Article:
Psalm 105, 30 Jul 17

Psalm 105 is a song of praise, as indeed are 106 and 107 that follow. The opening lines sound familiar, as such phrases occur throughout the Bible: Confitemini Domino et invocate nomen ejus / Give glory to God, and call upon his name

The next verse narrows the focus to set the theme as historical narrative, evidence that has provided confidence for such praise: Annuntiate inter gentes opera ejus / Declare God’s deeds among the peoples. A psalm singer in the temple or perhaps by a campfire in early times would have known that his audience would conjure up a host of stories and images relating to the era, the plagues, the Passover and the escape from Egypt. By telling and repeating, singing the familiar tunes and lyrics, people learned their history, culture, lessons from tales of the past and, osmotically perhaps, values. The song goes on to enumerate these tales but even so, one of the morals of the story is all the more striking: leaders must arise who are right for the time.

Perhaps this repetitive approach is why the lectionary provides the opportunity to revisit this psalm three times, with slightly differing verse selections, in the space of a little over a month. The music leader can achieve continuity by using the same style and response for all three appearances of this psalm.

A beautiful five-part setting of Psalm 105 by Lassus has been mentioned previously. Lassus, together with Palestrina in Italy, Byrd in England and Victoria in Spain, was one of the pillars of Late Renaissance music. The full work may be beyond the resources of small churches but extracts can be useful for a thematic refrain:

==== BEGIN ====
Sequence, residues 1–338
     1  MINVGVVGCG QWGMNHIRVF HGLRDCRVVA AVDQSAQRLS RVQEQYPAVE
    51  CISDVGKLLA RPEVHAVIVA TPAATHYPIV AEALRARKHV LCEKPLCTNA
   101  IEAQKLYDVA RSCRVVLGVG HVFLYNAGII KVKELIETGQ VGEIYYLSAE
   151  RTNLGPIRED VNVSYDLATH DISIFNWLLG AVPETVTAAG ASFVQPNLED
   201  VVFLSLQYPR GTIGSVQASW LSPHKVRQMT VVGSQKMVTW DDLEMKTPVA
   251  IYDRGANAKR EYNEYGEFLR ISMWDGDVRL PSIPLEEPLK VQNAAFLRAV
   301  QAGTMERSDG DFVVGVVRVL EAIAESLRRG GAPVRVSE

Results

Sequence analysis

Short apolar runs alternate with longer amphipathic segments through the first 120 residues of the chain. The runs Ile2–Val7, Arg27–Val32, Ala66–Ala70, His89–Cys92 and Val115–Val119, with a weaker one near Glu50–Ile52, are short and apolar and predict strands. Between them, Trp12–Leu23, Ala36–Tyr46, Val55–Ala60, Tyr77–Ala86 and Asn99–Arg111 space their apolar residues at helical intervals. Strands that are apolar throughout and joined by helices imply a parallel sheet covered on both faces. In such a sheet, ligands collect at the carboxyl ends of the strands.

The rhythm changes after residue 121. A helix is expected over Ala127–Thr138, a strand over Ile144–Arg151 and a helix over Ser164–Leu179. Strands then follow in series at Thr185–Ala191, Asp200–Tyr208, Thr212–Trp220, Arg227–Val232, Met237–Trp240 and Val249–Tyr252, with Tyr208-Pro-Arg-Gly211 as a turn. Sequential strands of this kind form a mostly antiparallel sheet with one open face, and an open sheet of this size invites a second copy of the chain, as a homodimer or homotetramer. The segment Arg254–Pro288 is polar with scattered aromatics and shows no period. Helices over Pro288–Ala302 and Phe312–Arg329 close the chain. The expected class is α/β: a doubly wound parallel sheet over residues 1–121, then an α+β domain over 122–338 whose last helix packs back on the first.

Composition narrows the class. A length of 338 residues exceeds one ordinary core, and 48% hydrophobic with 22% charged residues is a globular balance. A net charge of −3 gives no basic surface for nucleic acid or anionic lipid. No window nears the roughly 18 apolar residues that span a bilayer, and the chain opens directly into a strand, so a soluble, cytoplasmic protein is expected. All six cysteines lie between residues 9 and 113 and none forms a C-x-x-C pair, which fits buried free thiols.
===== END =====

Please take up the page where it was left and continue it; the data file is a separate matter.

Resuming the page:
Verses associated with this refrain might best be sung to a traditional psalm tome. These tones were designed to allow clarity of the words in the vast spaces of cathedrals and monasteries with their reverberant acoustics. Sung by voices in unison they have their own special atmospherics. A quick scan through the Missal published by Monks of Solesmes does not reveal any particular tone associated with Psalm 105. However, Tone VIII is used for various other sung liturgical elements.

A common approach was the use of a particular tone during one service for several psalms. The author has attended a couple of Tallis Scholars summer schools, during which the order of service for Compline — the last office of the day usually at 9:00 pm — used Tone VIII for all psalms sung each night. Singing several psalms morning, noon and night, the monks would complete the cycle of singing all 150 psalms in the space of a fortnight.

As to more modern sources:

  • PFAS suggests a refrain comprised entirely of the word Alleluia repeated several times.
  • TEP’s refrain does something similar, preceding that celebration with an invitation to sing praise.
  • Still on a joyful theme but less exuberantly, NCH uses verse 3, ‘Let the hearts of those who seek God rejoice’, set to a refrain whose 5/4 time renders it more unusual.
  • Some years ago at South Woden the Lassus quintet mentioned above was a source of great joy. This year, a home-grown refrain and verses in gospel style will be used on all three occurrences of Psalm 105.

Psalm 139, 23 July 2017

What you see and what you think you see are not always the same thing. Is this an image of smoke-rings, a bicycle or a piece of post-modern art? Have you ever thought you knew someone well only to find out they have a very different side to them from that which you have known? This may be true of ourselves too. We don’t always analyse our own character and behaviour as objectively as we might. This, according to Psalm 139, is why we need to submit ourselves to the spotlight of loving but frank scrutiny:

Search me, O God, and know my heart; test me and know my thoughts. See if there is any wicked way in me, and lead me in the way everlasting. (verses 23, 24)